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. New Melting Moment

Measuring some 3,250 sq km in area and 220m thick, the Larsen B iceshelf (pictured) broke away from the eastern Antarctic Peninsula in 2002, eventually disintegrating into giant icebergs.
Washington (AFP) Aug 04, 2005
The collapse of a huge ice shelf in Antarctica in 2002 has no precedent in the past 11,000 years, according to a study that points the finger at global warming.

Measuring some 3,250 sq km in area and 220m thick, the Larsen B iceshelf broke away from the eastern Antarctic Peninsula in 2002, eventually disintegrating into giant icebergs.

By chance, a US-led team of geologists had gathered a rich harvest of data around the iceshelf just before the spectacular collapse, including six cores that had been drilled into marine sediment.

The cores contain the remains of plankton and algae imbedded in layers of minerals, and their radiocarbon and oxygen isotopes provide clues about ice cover and climate change over the millennia.

The researchers, reporting in Nature, the British science weekly, say that since the end of the last Ice Age, some 11,000 years ago, the iceshelf had been intact but had slowly thinned, by several dozen metres.

Its coup de grace came from a recent but decades-long rise in air temperature, they say.

"The modern collapse of the LIS-B [Larsen B iceshelf] is a unique event within the Holocene," they write.

"The LIS-B eventually thinned to the point where it succumbed to the prolonged period of regional warming now affecting the entire Antarctic Peninsula region."

The Holocene is the period of relatively balmy weather that followed the last Ice Age.

The research is the latest in a series of studies to sound the alarm about the effects of climate change in Antarctica, where the bulk of the world's freshwater is locked up.

The Antarctic Peninsula, which juts northwards out of West Antarctica, is considered a warming hot-spot.

Over the past half century, temperatures in the peninsula have risen by around two degrees Celsius.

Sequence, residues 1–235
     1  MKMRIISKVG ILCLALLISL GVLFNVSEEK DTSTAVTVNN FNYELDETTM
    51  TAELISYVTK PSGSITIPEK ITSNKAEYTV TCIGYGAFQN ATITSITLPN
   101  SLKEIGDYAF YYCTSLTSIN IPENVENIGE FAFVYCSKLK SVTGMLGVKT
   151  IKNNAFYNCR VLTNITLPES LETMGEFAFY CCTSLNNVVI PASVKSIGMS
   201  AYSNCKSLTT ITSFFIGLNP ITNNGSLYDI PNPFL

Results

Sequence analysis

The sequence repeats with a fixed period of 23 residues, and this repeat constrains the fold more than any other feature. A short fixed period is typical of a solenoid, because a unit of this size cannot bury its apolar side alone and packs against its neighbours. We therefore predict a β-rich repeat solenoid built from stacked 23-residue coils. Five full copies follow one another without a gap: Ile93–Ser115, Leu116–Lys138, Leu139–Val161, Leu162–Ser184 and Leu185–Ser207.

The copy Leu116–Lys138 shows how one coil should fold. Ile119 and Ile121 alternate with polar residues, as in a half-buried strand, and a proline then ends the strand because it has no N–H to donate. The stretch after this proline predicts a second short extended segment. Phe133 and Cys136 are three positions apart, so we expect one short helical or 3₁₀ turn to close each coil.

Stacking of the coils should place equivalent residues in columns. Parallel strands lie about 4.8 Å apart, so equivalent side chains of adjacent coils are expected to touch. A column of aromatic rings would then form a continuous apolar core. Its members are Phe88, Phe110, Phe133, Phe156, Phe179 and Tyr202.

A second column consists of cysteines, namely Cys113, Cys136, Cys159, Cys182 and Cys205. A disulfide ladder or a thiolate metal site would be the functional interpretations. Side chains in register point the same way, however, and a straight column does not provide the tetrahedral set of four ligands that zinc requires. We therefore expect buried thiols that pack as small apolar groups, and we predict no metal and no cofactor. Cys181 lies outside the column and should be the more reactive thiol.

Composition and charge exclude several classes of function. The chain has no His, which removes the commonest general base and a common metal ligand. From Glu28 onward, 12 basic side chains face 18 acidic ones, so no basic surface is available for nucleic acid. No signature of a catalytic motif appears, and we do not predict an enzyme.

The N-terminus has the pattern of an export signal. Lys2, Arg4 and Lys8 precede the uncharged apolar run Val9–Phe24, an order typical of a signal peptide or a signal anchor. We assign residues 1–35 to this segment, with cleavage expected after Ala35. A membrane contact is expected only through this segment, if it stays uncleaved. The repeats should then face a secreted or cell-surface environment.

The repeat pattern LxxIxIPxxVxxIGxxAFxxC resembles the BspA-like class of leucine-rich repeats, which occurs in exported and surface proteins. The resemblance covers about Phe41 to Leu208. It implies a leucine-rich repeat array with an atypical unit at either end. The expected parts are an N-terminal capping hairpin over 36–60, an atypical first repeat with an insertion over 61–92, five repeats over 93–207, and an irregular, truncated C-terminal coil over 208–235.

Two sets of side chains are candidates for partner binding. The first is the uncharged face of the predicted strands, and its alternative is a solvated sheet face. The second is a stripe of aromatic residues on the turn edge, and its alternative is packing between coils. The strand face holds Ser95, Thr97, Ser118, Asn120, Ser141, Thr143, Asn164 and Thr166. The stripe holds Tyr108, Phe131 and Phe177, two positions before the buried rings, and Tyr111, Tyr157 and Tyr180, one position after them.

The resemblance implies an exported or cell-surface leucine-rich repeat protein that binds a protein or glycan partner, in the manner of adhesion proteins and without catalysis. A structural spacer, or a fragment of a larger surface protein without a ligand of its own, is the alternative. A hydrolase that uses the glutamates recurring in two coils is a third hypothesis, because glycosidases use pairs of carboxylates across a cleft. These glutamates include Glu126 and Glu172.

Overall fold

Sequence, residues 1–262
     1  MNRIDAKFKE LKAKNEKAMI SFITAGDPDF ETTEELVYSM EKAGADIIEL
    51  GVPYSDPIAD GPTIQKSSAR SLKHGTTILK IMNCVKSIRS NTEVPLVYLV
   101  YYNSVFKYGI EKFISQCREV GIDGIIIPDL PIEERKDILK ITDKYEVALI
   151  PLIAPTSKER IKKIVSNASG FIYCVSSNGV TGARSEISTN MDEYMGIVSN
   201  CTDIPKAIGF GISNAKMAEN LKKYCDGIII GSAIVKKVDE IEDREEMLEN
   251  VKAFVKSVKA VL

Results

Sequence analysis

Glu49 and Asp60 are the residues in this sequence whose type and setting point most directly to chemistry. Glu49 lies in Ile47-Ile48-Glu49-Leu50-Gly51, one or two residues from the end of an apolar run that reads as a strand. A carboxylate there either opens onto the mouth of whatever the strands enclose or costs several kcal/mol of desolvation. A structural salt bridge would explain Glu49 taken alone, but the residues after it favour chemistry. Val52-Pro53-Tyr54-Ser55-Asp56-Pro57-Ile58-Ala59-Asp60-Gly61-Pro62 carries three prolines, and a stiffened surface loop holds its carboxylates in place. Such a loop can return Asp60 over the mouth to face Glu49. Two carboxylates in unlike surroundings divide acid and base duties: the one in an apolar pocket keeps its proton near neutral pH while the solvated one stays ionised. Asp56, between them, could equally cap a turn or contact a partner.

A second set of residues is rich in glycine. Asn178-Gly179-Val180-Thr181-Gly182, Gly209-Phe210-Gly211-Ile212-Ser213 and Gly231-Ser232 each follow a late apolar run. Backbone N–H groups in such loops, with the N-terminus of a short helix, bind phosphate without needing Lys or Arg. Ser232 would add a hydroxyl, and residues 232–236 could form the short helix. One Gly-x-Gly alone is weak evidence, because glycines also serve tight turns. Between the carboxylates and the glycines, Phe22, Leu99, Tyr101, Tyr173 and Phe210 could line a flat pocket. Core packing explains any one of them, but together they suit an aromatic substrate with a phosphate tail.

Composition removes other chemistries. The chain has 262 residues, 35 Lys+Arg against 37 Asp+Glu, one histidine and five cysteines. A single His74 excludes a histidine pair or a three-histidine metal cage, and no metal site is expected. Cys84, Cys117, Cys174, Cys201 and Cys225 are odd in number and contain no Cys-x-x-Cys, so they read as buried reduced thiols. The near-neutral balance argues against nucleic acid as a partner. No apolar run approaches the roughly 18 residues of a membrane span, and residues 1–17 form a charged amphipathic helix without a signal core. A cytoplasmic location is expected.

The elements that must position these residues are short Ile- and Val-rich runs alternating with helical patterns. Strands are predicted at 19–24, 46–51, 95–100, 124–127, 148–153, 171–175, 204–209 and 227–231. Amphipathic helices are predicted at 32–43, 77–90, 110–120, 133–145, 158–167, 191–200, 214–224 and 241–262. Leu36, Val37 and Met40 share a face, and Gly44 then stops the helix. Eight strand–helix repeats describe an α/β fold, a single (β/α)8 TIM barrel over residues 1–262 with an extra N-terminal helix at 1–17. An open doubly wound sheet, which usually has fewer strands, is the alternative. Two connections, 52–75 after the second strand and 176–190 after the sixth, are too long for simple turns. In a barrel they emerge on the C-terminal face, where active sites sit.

In recent years, the peninsula has lost ice shelves totalling more than 12,500 sq km, equivalent to four times the area of Luxembourg.

Of the 244 glaciers that drain inland ice and feed these shelves, 87 per cent have fallen back since the mid-1950s, according to a British study published in April.

Global warming, also called the greenhouse effect, is caused by carbon gases mostly discharged by burning oil, gas and coal, that trap the Sun's heat.

But Earth's climate also goes through natural oscillations of warming and cooling, resulting in Ice Ages and the milder interglacial periods in between.

The new study does not say that global warming caused by human activity was responsible for the Larsen B's demise.

However, it refers to a steep rise in the temperatures over the past several decades, a phenomenon that climatologists concur was unleashed by fossil fuels.

All rights reserved. 2005 Agence France-Presse. Sections of the information displayed on this page (dispatches, photographs, logos) are protected by intellectual property rights owned by Agence France-Presse. As a consequence, you may not copy, reproduce, modify, transmit, publish, display or in any way commercially exploit any of the content of this section without the prior written consent of Agence France-Presse.

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Discovering An Ecosystem Beneath A Collapsed Antarctic Ice Shelf
Washington DC (SPX) Jul 19, 2005
The chance discovery of a vast ecosystem beneath the collapsed Larsen Ice Shelf will allow scientists to explore the uncharted life below Antarctica's floating ice shelves and further probe the origins of life in extreme environments.
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